Having shared an overview of the first lecture in Muhammad Iqbal’s major work, The Reconstruction of Religious Thought in Islam, I would now try to summarize the contents of that lecture.
Summarizing is a useful learning activity because it forces the reader to differentiate between what’s central and what’s peripheral in a given text. It requires the reader to notice and describe the most important features of the text, to identify and present its main claims and key ideas; this necessitates focusing on the big picture while ignoring the details. A summary, in other words, is about seeing the broad contours of a forest; to do that, the reader must resist the temptation to study all the leaves on every branch of every tree. To produce a good summary, the reader has to make decisions about what counts as major ideas in a given text and what counts as minor details. This, in turn, involves interpretation. As a result, some degree of paraphrasing is also inevitable in a summary.Read More
At the end of Lecture I, Iqbal summarizes the gist of his conclusion, as follows:
Religious experience… is essentially a state of feeling with a cognitive aspect, the content of which cannot be communicated to others, except in the form of a judgment.Muhammad Iqbal. The Reconstruction of Religious Thought in Islam, p. 21.
If this is so, Iqbal asks, how can those who haven’t had the same experience decide whether or not the said judgment is true? Iqbal suggests two different tests for this purpose—the intellectual or philosophical test, and the pragmatic test. Lecture II is Iqbal’s attempt to apply the former. While doing so, Iqbal also presents his understanding of the qur’anic view of Reality, which in his mind is identical with the qur’anic view of God. Taken as a whole, Lecture II is about establishing that what is revealed through religious experience is the same Reality that we know through other types of experience.Read More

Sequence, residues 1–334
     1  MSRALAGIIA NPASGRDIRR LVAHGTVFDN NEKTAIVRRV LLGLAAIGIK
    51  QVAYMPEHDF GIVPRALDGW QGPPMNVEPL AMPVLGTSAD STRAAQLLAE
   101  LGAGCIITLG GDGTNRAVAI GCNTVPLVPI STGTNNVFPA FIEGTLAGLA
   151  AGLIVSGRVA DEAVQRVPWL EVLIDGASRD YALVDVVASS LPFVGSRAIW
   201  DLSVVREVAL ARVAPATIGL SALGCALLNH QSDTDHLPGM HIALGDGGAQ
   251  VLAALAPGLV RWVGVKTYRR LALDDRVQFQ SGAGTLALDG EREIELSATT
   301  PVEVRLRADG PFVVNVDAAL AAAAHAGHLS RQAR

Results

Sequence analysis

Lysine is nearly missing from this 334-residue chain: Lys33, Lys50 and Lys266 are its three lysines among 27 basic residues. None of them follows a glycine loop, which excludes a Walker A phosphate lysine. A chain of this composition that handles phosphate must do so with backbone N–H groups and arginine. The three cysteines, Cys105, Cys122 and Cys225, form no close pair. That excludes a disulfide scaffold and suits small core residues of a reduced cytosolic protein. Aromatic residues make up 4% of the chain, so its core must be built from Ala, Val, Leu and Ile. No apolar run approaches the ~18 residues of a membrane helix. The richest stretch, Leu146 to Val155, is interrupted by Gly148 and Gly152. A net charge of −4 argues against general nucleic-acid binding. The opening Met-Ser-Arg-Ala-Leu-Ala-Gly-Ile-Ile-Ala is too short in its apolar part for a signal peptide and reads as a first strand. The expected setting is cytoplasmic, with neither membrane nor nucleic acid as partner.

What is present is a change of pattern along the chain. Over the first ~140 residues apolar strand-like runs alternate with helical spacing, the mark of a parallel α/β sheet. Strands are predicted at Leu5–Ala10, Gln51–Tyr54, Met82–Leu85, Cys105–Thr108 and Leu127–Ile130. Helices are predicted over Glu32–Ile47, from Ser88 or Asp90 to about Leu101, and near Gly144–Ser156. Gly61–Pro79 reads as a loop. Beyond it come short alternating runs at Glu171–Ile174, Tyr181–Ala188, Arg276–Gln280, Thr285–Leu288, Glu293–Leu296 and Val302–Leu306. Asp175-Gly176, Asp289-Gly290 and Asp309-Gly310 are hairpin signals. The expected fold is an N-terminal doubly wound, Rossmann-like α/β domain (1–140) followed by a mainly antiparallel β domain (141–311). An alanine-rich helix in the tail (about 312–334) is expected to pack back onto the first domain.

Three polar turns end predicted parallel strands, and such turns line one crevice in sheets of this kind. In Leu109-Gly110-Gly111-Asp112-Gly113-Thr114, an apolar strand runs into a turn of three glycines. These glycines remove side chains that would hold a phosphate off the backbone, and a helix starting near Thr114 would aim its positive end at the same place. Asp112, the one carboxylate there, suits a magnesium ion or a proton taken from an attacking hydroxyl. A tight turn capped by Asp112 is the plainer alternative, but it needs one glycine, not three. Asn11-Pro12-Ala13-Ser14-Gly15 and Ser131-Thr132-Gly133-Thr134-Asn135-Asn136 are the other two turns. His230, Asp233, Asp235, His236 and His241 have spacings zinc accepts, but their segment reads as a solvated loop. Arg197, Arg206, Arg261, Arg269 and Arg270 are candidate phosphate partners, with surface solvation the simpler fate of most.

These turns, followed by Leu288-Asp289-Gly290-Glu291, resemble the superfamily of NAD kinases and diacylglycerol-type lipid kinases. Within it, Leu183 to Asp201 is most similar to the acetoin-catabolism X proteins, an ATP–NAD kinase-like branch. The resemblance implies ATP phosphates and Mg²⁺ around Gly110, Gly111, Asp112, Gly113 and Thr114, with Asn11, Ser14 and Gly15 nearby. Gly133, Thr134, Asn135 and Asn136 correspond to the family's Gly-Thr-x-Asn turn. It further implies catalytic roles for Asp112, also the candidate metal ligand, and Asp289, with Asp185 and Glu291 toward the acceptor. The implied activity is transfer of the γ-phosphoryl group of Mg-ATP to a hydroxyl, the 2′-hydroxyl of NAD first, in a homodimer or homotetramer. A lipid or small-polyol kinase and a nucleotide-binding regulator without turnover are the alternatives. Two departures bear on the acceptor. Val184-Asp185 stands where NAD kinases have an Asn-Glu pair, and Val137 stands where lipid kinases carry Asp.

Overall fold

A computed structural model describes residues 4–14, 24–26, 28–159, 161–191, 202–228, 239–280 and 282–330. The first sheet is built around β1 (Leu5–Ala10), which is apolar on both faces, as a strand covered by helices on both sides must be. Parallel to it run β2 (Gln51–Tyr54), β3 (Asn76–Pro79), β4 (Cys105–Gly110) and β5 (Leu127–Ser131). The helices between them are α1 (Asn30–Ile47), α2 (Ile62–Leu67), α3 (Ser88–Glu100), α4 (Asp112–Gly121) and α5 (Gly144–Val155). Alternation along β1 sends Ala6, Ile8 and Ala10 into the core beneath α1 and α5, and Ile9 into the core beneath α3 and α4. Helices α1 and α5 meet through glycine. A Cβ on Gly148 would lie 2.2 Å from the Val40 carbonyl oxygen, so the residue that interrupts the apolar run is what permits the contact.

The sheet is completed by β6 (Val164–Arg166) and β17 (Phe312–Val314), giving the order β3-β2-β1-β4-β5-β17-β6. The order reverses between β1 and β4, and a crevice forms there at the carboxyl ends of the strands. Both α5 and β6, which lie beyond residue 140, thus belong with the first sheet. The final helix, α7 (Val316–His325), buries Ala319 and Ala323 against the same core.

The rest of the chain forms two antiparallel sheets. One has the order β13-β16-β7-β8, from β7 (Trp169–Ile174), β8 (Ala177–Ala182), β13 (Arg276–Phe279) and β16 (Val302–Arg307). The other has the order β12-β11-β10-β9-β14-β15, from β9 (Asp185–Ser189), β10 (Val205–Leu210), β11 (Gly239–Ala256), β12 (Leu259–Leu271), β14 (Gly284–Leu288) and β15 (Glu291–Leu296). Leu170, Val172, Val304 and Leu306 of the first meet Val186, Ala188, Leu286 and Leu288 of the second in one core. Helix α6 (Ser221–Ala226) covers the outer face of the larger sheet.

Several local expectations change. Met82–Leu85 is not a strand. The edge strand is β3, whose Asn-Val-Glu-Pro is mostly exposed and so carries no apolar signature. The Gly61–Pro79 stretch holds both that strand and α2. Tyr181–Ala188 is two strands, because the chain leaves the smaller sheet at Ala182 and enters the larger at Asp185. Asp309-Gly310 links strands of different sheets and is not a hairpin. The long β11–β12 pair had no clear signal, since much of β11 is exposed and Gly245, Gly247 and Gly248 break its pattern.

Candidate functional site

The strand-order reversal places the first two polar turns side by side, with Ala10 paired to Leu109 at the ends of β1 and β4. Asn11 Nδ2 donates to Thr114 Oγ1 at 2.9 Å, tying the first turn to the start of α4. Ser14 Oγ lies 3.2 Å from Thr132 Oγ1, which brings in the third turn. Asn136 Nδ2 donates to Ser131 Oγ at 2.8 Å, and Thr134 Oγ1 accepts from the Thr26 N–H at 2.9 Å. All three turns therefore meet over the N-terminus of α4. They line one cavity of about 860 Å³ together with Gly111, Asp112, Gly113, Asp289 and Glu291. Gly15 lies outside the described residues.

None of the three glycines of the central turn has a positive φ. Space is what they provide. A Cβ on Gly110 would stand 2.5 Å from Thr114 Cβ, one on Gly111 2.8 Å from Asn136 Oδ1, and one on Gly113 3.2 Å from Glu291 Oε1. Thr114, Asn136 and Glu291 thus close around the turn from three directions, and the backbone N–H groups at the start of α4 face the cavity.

The Reconstruction of Religious Thought in Islam is primarily a philosophical text; yet, the vast majority of people are neither philosophers nor do they harbor any burning desire to study this subject. But there are two redeeming features of the book: First, the title has the word “Islam” in it; and second, and it was written by a famous person. As a result, those who are interested in Islam and/or the author may feel enough curiosity to pick up the book, with every intention to read it. But the text is challenging even for students of philosophy, and is even more intimidating to those without a great deal of prior knowledge in theology and related subjects. These two facts, put together, raise the following question: What’s in it for me? Why should I spend all this time and mental energy on trying to understand a bunch of complex and abstract ideas that don’t have any obvious relevance to my everyday life? What am I supposed to do with the information that this book provides? In what ways is it going to help me strengthen my personal faith or enhance my religious practice? What do I stand to lose, if anything, if I decide to not engage with this book?Read More